We are writing to describe current levels of awareness of and referral to national quitlines, and a Web-based cessation service among primary care physicians. Smokers who use telephone counseling are more likely to achieve long-term cessation compared to those who do not . Quitlines can assist in forming a quit plan, offer nicotine replacement therapy, and schedule follow-up contact . We analyzed data from the National Survey of Primary Care Physicians' Recommendations and Practice for Breast, Cervical, Colorectal, and Lung Cancer Screening  to assess awareness and referral to the National Network of Tobacco Cessation Quitlines' 1-800-QUIT-NOW, the National Cancer Institute's quitline 1-877-44U-QUIT, and the National Cancer Institute and Centers for Disease Control and Prevention Web site smokefree.gov.
The survey was fielded September 2006 to May 2007 as a mailed questionnaire. A systematic stratified random sample of non-Federal, office-based family physicians, general practitioners, general internists, and obstetrician/gynecologists aged 75 or younger was selected from the American Medical Association's Physician Masterfile. A total of 1,266 physicians completed the survey resulting in an absolute response rate of 69.3%. Further detail on sampling and survey methodology is published elsewhere .
Respondents were asked “Are you aware of, and have you ever referred a patient to, any of the following smoking cessation services: 1-800-QUIT-NOW; 1-877-44U-QUIT; smokefree.gov?” Physician and clinical practice characteristics included: physician race; average time per month spent teaching; number of physicians in practice; practice type (private, health system, or university); medical school affiliation; and percentage of African American patient population.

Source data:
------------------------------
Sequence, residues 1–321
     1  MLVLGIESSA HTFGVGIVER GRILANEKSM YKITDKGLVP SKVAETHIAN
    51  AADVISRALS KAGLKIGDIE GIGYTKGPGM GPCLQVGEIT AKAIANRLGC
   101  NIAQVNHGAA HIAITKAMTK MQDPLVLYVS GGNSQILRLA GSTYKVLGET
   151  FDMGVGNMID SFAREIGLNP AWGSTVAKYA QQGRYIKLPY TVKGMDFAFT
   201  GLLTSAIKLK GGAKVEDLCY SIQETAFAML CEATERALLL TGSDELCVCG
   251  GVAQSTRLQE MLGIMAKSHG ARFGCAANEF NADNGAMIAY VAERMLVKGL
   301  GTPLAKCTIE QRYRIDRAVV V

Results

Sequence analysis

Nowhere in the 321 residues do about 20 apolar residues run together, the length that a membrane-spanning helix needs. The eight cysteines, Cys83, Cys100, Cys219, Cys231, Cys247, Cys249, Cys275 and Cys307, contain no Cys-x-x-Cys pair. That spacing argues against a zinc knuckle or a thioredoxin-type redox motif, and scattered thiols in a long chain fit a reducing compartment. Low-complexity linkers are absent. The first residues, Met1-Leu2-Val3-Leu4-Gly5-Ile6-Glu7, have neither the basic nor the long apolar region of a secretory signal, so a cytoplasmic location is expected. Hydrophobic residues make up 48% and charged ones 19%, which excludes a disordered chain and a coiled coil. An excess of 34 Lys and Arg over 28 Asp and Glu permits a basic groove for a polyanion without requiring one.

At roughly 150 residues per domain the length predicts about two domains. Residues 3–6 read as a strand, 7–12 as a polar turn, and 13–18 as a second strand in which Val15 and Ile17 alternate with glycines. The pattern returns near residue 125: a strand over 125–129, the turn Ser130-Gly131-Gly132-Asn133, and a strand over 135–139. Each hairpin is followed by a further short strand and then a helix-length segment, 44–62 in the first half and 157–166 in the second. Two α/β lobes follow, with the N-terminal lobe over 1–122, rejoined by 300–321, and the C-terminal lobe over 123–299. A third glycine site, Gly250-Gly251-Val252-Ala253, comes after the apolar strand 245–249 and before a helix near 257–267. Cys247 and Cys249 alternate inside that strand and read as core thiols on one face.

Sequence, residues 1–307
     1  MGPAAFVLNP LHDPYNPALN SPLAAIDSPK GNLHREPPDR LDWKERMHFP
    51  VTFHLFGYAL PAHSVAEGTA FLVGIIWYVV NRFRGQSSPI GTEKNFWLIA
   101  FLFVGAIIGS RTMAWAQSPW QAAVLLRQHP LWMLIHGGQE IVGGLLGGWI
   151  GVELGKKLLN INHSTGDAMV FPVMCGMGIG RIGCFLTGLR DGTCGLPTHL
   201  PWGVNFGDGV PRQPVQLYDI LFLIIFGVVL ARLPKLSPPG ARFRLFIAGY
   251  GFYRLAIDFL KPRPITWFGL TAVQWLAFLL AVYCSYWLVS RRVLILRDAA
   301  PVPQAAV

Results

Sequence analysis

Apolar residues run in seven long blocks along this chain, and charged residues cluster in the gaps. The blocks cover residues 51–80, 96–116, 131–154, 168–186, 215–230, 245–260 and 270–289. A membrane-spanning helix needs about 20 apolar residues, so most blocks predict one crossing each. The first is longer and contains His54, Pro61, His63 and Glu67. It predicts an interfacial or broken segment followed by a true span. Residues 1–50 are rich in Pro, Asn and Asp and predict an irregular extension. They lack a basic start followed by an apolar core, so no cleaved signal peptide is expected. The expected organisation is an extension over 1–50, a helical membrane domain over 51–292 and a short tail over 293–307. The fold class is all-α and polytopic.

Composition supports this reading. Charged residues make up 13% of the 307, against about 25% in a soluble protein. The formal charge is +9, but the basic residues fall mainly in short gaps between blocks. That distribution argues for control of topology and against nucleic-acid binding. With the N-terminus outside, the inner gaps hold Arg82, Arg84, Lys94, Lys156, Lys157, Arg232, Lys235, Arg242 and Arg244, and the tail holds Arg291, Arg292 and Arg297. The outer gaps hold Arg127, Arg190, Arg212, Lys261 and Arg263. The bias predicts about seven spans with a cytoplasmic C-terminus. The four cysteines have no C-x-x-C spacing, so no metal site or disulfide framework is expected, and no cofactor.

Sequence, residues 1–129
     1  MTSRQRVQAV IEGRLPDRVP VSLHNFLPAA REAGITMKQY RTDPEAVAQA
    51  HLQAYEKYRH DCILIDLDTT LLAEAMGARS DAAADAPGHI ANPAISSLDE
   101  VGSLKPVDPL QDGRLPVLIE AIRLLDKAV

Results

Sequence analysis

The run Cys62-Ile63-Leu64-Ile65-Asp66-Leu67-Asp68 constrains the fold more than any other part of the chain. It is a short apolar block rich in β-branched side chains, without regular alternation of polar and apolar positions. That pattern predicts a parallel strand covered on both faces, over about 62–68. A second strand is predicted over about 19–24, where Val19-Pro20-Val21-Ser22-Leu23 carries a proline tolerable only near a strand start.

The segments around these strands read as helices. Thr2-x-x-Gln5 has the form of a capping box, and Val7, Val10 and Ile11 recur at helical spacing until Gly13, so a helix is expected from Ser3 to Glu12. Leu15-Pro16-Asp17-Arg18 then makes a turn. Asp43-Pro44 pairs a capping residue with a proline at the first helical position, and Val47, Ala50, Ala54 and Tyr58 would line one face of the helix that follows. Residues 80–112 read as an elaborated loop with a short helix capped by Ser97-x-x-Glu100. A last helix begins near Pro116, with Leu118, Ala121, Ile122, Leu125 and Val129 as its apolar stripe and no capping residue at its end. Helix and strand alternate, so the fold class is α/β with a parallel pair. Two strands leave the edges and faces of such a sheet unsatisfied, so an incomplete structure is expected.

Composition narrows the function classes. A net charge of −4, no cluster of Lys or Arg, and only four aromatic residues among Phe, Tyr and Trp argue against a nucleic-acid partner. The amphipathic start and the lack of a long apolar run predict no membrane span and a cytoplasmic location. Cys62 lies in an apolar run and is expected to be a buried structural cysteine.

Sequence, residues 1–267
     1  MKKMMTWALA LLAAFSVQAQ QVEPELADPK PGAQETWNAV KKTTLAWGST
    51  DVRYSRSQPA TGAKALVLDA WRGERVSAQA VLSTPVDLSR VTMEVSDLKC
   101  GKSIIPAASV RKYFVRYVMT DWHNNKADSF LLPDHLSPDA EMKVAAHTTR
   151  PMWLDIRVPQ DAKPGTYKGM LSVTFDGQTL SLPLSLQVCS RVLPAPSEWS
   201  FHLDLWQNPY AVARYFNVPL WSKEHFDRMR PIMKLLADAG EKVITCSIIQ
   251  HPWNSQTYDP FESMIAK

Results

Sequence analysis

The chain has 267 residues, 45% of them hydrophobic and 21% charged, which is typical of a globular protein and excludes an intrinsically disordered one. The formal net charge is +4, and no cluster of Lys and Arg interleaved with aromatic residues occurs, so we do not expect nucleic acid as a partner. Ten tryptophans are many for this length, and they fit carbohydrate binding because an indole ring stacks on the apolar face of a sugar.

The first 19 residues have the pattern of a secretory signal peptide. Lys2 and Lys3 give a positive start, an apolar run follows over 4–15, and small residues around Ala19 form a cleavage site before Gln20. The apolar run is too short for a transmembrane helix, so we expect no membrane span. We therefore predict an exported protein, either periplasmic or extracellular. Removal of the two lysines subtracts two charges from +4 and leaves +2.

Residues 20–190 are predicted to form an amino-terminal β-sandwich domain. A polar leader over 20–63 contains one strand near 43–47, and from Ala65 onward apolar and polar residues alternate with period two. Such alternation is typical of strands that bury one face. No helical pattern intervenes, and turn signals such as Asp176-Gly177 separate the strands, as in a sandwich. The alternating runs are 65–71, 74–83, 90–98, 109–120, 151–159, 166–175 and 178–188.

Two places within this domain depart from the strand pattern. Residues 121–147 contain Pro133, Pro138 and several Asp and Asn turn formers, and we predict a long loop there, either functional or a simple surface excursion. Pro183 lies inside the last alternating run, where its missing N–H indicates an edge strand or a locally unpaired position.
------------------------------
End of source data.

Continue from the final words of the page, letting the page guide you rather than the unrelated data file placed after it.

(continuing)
We used SUDAAN version 9.0.1 to calculate weighted percentages, odds ratios (OR), and 95% confidence intervals (CI). Respondents who reported awareness of at least one of the resources were coded as aware (n=474). Respondents who reported referral to at least one resource were coded as having made a referral (n=332). A multivariable logistic regression, including variables significantly associated (at p<0.05) with awareness or referral in bivariate analyses was conducted.
Respondents were predominantly male (68.8%), less than age 50 (50.8%), non-Hispanic White (72.1%), board-certified (80.2%) physicians practicing family medicine (45.2%), general internal medicine (36.9%), and obstetrics/gynecology (17.9%). Only 23.3% of physicians reported awareness of and referral to 1-800-QUIT-NOW. Awareness and referral to 1-877-44U-QUIT was 6.6%. Only 14.1% of physicians were aware of and reported referral to www.smokefree.gov. Nearly half of the physicians were aware of at least one national quitline or Web-based cessation service (43.6%); among these physicians, referral was 72.4%.
Awareness of at least one national quitline or Web-based cessation service was significantly associated with practice location (χ2=9.37, p=0.01), percentage of African American patient population (χ2=11.42, p=0.03), medical school affiliation (χ2=4.35, p=0.03), provider race (χ2=8.99, p=0.04), and average time spent teaching (t=2.28, p=0.03). These variables were included in a mulitivariable logistic regression model of awareness (Table 1). Compared to university-based practices, physician-owned practices were significantly less likely (OR=0.70, CI=0.50–0.99) to be aware of national smoking cessation resources. Consistent with research documenting, lower receipt of smoking cessation services among minority populations, [4–6] physicians in practices with a majority White patient population were more likely (OR=12.3, CI=2.4–64.0) to be aware of national cessation resources. Consistent with prior research documenting, higher awareness of smoking cessation resources among racial/ethnic minority physicians,  awareness of national quitlines and Web-based cessation services was higher among non-Hispanic Black providers (OR=2.6, CI=1.1–6.3) and providers categorized as “non-Hispanic other” (OR=1.5, CI=1.1–2.1) compared to non-Hispanic White providers.
Efforts are needed to promote national quitlines and Web-based cessation services. Our results suggest that promotion efforts may target physician-owned practices and clinical practice settings with large minority populations.